Testing the “Extreme Female Brain” Theory of Psychosis

The “extreme female brain” theory is added to the extreme male one of autism, but both add up to much less than the imprinted brain theory.

The Real Turing Test: Curing Computer Autism

People would accept that machines could think if a mentalistic user-interface could be engineered to give computers the skills that autistics lack.

Diametric Mentalizing Imaged in Autistic & Psychotic Brains

As predicted by the diametric model, brain scanning reveals hyper-active mentalism in schizophrenics but the opposite in autistics.

Lobotomy Cuts Both Ways (Diametrically Speaking)!

A patient cured of epilepsy by brain surgery acquired hyper-mentalistic symptoms as implied by the diametric model and predicted by the imprinted brain theory.

Diametric Differences in Seeing the Other’s Point of View

Both tendencies to autism and proneness to psychosis induce perspective-taking errors, but their interaction reduces these errors: a finding only explicable by the diametric model.

Beyond the Divided Self: Why Mental Conflict Is Normal

Although inner conflict has traditionally been pathologized, the diametric model shows it to be normal.

The Hand that Rocks the Cradle Rules—But Whose Hand Is It?

The history of the nature/nurture controversy reveals fraud on the nurture side and developments in our view of nature that the imprinted brain theory readily explains.

If Selfish Genes Build Brains, Why Aren’t We All Solipsists?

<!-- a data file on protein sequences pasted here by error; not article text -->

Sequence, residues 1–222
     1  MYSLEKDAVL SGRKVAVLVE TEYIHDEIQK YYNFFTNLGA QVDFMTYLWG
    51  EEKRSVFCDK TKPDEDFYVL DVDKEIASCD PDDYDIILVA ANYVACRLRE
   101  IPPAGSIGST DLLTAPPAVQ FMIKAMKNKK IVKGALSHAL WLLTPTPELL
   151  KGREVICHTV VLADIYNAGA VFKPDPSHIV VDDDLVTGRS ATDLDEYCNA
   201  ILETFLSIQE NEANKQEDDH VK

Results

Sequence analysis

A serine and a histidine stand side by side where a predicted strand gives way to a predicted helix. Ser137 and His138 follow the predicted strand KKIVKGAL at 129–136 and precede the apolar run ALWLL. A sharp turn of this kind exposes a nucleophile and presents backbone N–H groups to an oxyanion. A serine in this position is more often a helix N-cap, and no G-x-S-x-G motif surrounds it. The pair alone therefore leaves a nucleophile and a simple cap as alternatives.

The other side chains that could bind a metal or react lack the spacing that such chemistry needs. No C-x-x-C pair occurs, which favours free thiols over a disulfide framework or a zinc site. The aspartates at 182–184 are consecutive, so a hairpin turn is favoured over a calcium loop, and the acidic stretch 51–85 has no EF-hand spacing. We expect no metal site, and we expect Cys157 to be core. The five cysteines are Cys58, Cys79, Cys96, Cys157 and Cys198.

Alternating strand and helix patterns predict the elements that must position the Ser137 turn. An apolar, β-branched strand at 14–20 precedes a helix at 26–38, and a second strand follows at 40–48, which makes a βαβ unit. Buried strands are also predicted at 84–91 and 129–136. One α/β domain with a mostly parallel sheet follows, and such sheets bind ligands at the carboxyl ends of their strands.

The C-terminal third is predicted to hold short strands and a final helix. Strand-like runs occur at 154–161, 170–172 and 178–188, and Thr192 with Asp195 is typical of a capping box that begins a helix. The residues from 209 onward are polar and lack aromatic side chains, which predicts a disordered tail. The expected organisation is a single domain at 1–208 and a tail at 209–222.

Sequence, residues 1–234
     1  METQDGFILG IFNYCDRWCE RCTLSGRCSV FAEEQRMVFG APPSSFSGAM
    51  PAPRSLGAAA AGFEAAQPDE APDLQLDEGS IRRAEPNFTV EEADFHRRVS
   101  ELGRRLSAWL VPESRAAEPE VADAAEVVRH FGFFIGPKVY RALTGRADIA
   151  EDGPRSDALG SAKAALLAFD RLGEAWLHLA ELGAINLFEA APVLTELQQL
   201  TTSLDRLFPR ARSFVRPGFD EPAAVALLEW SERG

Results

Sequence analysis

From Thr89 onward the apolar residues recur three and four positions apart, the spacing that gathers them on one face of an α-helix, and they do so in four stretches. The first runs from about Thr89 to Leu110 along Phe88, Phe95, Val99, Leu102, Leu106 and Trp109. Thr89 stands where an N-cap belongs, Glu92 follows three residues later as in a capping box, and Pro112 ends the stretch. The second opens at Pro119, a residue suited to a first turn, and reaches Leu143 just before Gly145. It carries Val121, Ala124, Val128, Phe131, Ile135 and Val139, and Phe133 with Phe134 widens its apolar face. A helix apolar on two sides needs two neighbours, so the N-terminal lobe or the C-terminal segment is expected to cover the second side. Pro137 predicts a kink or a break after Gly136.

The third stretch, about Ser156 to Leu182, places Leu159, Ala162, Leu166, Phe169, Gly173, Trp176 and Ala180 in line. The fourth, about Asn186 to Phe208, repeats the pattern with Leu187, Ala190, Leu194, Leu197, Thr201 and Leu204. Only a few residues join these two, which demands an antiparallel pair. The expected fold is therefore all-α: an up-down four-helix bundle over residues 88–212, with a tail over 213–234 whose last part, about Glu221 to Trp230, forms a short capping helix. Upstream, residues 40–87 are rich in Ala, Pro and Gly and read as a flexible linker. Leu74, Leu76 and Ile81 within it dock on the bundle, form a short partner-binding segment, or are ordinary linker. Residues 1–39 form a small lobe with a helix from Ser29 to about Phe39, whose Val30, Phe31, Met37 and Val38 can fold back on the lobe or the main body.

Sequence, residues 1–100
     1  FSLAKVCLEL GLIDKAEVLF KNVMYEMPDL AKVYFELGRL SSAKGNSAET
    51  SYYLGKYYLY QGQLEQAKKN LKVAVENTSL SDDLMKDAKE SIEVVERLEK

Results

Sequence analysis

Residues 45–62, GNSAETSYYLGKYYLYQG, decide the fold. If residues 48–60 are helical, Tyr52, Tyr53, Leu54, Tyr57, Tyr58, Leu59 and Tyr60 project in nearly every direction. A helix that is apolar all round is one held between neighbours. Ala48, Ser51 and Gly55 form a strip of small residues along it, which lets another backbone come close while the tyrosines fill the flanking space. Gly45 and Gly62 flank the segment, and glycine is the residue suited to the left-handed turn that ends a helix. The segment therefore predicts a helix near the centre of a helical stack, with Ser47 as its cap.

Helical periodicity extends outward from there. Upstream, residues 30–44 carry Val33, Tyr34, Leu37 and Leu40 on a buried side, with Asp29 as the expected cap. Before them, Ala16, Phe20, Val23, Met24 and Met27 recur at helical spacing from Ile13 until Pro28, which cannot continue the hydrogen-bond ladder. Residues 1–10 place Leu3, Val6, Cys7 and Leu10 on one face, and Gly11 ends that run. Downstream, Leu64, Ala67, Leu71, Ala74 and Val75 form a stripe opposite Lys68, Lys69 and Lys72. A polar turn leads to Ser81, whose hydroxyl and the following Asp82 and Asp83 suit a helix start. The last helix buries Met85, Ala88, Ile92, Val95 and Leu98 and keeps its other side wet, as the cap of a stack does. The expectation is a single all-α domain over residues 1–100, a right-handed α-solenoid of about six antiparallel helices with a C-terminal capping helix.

Contrary to what you might think, the “selfish gene” paradigm does not imply that we should be self-centered to the point of believing that only we exist.

Mother’s Baby—Father’s Brain? Maybe!

More paternal than maternal genes are expressed in the brains of mice, and the same could well be true of us if genetic conflict is the key.

Hyper-Mentalism, Hyper-Empathizing, and Supernatural Belief

Researchers reveal that the predictions of the diametric model are fulfilled where supernatural beliefs of various kinds are concerned.

Rigidity v Chaos: A Diametric Model of Brain Networks

A new schema of semantic networks in the hemispheres of the brain fits the diametric model perfectly.

Testosterone v Oxytocin: Bridging the Gene-Behaviour Gap

Testosterone and oxytocin express the diametric opposition of genes that determine both mental illness and normality via their effects on the brain, mind, and behaviour.

Hyper-mentalism in Children Reporting Psychotic Experiences

Hyper-mentalism can be present in childhood as a new study reveals, but only the diametric model of mental illness reveals its positive aspects.

The Diametrics of Psychology Today

The diametric model suggests that psychology is divided up into folk and scientific, popular and official sub-types, with popular psychology being superior in some respects to its official counterpart.

The Plague of Modern, Mechanized, Multi-cultural Life

Plagues, like mechanization, modernization, and multi-culturalism, isolate individuals in ways comparable to autism.

Robinson Crusoe: an Autistic Fantasy With Universal Appeal

The sensational success of Robinson Crusoe lies in its perfect portrayal of the autistic fantasy of escape from the general Plague of Mankind.